Rural operator Nex-Tech Wireless is pushing the FCC to extend buildout deadlines for small 700 MHz licensees and mandate 700 MHz device interoperability, contending a lack of equipment is blocking Nex-Tech from launching its planned LTE networks in western Kansas and eastern Colorado.
Nex-Tech alleges that currently available handsets lack chipsets necessary to operate on the 700 MHz B Block licenses that the company owns. 700 MHz B Block handsets "are non-existent," said Nex-Tech in an ex parte presentation to FCC officials. Further, according to the company, a timeline to gain access to that equipment remains unknown, and there is no industry solution in sight.
The issue threatens to leave Nex-Tech with insufficient time to meet FCC buildout requirements, which were mandated in Auction 73 for 700 MHz spectrum. Nex-Tech's interoperability problems were discussed on Oct. 10 with members of the FCC's Wireless Telecommunications Bureau by company President and CEO Johnie Johnson and others representing Nex-Tech. The FCC's is conducting a 700 MHz interoperability rulemaking.
Nex-Tech explained to the FCC that it only acquired its 700 MHz spectrum from Verizon Wireless (NYSE:VZ) this May, making it "extremely difficult to meet first geographic construction requirements given the rural nature of the markets." The company said it generally takes 24 months for a network buildout, assuming compatible equipment is available, which it currently is not.
Under current buildout requirements for the Lower 700 MHz A, B and E Blocks, an operator must cover 35 percent of its licensed area within four years and 70 percent within 10 years. The Upper 700 MHz C Block, however, has population-based buildout requirements that require coverage of 40 percent of POPs within four years and 75 percent within 10 years.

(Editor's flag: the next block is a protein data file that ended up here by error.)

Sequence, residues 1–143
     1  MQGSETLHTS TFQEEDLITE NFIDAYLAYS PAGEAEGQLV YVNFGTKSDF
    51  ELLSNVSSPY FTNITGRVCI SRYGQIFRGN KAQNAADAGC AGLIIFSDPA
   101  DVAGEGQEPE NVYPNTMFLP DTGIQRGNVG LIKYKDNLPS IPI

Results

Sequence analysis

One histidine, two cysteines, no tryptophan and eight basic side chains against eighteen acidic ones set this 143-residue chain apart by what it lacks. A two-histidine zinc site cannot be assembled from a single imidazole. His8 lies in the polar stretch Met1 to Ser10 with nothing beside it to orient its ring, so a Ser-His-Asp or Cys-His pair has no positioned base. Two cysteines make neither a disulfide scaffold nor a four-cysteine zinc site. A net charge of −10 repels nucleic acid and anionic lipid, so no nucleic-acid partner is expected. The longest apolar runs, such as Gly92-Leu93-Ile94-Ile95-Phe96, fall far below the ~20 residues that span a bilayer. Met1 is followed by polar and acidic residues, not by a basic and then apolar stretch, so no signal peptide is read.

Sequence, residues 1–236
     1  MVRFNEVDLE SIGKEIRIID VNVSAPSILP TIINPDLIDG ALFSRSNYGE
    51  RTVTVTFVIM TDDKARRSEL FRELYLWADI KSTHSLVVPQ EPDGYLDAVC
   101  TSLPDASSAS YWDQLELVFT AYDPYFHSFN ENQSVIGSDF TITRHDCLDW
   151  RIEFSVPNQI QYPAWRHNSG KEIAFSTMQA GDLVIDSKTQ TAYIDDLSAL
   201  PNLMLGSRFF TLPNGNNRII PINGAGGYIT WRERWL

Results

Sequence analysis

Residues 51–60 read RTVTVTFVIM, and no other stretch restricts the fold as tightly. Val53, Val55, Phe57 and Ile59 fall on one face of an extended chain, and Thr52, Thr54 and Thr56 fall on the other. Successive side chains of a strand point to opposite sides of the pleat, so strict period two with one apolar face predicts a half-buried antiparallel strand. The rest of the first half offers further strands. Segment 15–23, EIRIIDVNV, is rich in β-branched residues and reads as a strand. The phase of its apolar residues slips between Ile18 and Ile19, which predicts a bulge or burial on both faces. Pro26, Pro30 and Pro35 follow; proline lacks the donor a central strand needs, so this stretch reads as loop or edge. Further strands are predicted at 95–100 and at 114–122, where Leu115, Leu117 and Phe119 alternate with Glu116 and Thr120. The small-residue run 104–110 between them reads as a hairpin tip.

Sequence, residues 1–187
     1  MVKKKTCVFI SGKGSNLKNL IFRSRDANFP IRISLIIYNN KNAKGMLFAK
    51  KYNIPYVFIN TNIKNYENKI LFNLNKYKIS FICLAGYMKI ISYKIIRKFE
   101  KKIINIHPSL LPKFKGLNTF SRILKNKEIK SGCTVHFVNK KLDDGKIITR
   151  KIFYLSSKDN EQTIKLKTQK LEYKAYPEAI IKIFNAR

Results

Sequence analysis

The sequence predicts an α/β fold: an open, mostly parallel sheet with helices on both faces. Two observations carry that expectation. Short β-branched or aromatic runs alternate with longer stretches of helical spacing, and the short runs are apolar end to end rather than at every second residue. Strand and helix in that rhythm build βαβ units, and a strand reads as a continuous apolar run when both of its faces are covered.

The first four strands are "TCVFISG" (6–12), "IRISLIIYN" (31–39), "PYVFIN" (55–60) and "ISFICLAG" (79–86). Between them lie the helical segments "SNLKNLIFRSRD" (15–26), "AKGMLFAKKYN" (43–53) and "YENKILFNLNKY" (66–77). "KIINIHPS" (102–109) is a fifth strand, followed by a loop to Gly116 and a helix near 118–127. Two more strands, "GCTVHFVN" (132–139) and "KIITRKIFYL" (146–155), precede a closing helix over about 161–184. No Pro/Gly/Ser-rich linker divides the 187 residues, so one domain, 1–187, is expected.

The four-year deadline will arrive on June 13, 2013, while the 10-year deadline will be June 13, 2019.
Nex-Tech enumerated three recommendations to the FCC that it said would ease the company's plight. Topping the list, the operator requested a buildout extension of at least 24 months. The company also said the FCC should require device interoperability in the lower 700MHz band and modify the current geographic buildout requirement to be a population-based requirement.
Without such changes, Nex-Tech is in danger of losing its 700 MHz licenses under the FCC's "use it or lose it" rule. The company argued that it has tried to get the equipment it needs via the Associated Carrier Group, which it helped form with 36 other rural carriers in 2006 "to strengthen buying power and offer greater volume to handset vendors." ACG has held numerous meetings with handset vendors, all of which indicated little interest in building devices for the 700 MHz band classes to which rural vendors have rights because the volumes needed do not justify vendor investments, said Nex-Tech.
There are two different 3GPP operating bands in the Lower 700 MHz band: Band Class 12, which covers operations in the Lower A, B and C Blocks that are owned by smaller mobile operators; and Band Class 17, which covers operations in the Lower B and C Blocks where AT&T (NYSE:T) holds spectrum. AT&T, which was one of the leaders in the effort to create Band Class 17 during 3GPP proceedings, asserts it was necessary to create a separate band class for the Lower 700 MHz B and C Blocks in order to avoid interference issues from digital television channel 51 and high-power operations in the Lower E Block.
Nex-Tech also lamented to the FCC the fact that a roaming or wholesale agreement with a large national operator is currently not available to it.
Nex-Tech is a member of the Competitive Carriers Association, which has voiced many of the same arguments in its push for 700 MHz device interoperability, which has largely focused on licensees with spectrum in the Lower 700 MHz A Block. It is also a subsidiary of Rural Telephone, Golden Belt Telephone and Mutual Telephone. Nex-Tech offers CDMA EV-DO service at 1900 MHz in 40 counties of central and western Kansas as well as local coverage to four counties in Colorado.
- see this Nex-Tech filing
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